Jeep Grand Cherokee Blackhawk to Night Eagle, are you reading me?

Blackhawk package adds, well, black to a Grand Cherokee Laredo. And 20-inch alloys.
DAVID LINKLATER

Blackhawk package adds, well, black to a Grand Cherokee Laredo. And 20-inch alloys.

The "hawk" name is important in the world of Jeep. It denotes something pretty specialised and pretty, well, special.

There's the legendary Trailhawk models, for example, which are designed to have maximum off-road ability. Just this year Jeep launched a Trailhawk version of the Grand Cherokee.

Then there's the forthcoming Trackhawk, a circuit-focused version of the Grand with a monster 527kW supercharged V8 under the bonnet. It's a bit silly and the use of the "hawk" monicker is possibly ironic, but it's also a badge of honour. It means business.

Grand Cherokee is still one of the most capable off-roaders around. Shiny bits or not.
DAVID LINKLATER

Grand Cherokee is still one of the most capable off-roaders around. Shiny bits or not.

READ MORE:
* Watch: Trackhawk steals SRT's thunder
* Grand Cherokee added to Trailhawk mix
* The best luxury SUVs that can really go off-road

Or there's the model you see here: the Grand Cherokee Blackhawk. So called because it's, ahem, got some black stuff on it.

The Blackhawk is an $81,990 machine that's based on the entry Laredo model, but adds a blackout treatment on the grille, light surrounds, bumper detail and any other brightwork that happened to be hanging around, 20-inch alloys (gloss black of course) and leather/suede "Capri" upholstery. Which is black, by the way.

Why Blackhawk? Why not, thought Fiat Chrysler New Zealand, which has quite a bit invested in the hawk-brand, with the recent launch of the Grand Cherokee Trailhawk and the intention to bring the Trackhawk here as a hero model. Bit of reflected glory and all that.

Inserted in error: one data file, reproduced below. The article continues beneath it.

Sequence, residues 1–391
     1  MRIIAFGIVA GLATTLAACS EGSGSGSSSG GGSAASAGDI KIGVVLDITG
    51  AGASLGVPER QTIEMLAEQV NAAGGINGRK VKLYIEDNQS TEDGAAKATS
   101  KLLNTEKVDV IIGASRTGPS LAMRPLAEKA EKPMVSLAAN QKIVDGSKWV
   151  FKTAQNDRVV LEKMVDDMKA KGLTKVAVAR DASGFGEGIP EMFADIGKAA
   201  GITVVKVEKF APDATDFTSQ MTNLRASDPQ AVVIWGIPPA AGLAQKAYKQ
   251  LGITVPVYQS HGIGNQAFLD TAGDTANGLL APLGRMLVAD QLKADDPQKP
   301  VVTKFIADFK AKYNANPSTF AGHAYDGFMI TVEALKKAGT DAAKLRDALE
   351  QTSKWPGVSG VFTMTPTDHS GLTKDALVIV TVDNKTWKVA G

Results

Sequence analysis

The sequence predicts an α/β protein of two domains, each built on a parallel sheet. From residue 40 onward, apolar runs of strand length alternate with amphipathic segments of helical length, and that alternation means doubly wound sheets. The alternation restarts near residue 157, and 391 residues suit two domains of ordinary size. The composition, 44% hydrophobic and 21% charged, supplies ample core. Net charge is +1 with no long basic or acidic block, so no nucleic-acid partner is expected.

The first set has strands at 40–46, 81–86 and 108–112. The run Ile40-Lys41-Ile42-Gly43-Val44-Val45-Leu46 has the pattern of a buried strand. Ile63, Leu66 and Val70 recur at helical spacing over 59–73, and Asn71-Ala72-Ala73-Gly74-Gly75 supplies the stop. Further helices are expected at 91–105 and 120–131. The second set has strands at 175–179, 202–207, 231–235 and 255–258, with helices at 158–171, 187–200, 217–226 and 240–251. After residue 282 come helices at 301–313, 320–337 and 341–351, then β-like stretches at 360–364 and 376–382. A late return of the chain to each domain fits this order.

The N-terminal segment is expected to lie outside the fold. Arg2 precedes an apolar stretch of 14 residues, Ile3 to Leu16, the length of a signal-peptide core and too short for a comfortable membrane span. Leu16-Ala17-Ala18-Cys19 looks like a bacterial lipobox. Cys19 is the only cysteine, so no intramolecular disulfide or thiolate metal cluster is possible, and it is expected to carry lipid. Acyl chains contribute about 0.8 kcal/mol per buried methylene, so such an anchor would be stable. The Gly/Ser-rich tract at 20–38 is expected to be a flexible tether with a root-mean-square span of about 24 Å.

Bit of a shame really, because a mild dress-up like this does undermine the rest of the family, don't you think?

This is a factory model, so don't dismiss it as a local tweak. But in the United States, this car is called the Night Eagle. Which is a bit weird, but also more honest. It's not pretending to be something it's not.

Black grille surround, shiny mesh both part of Blackhawk package.
DAVID LINKLATER

Black grille surround, shiny mesh both part of Blackhawk package.

Name aside, this is quite an appealing machine. There's a sense of honest simplicity about the entry Grand, and the black stuff does add a visual edge without overdoing things.

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The interior seems a bit basic for an $80k-plus machine (no sat-nav, for example), but the Capri upholstery upgrade (same as you get in the Limited, in fact) is very worthwhile.

It's still a good thing to drive in a squishy kind of way. The turbo-diesel is strong and the chassis rolls in fast corners but telegraphs its intentions well. It's a relaxing way to roll down the road and pretty capable off it - albeit not quite as capable with those big wheels. But boy, do they look good.

Diesel only, but that's okay: the 3.0-litre V6 is still a beaut.
DAVID LINKLATER

Diesel only, but that's okay: the 3.0-litre V6 is still a beaut.

The Blackhawk price represents a $5000 premium over the Laredo turbo-diesel. You get an 8.4-inch touch screen that includes Jeep's Off-Road Pages, dual-zone climate air conditioning and a reversing camera.

But this model is still devoid of active safety aids such as blind-spot and lane-departure warnings, forward collision alert and rear cross-traffic alert. Which seems a bit stingy for an SUV at this price in 2017.

For that stuff you have to step up to $99,990 Overland (or option up a Limited). But then neither of those are as glossy-black.

 - Stuff

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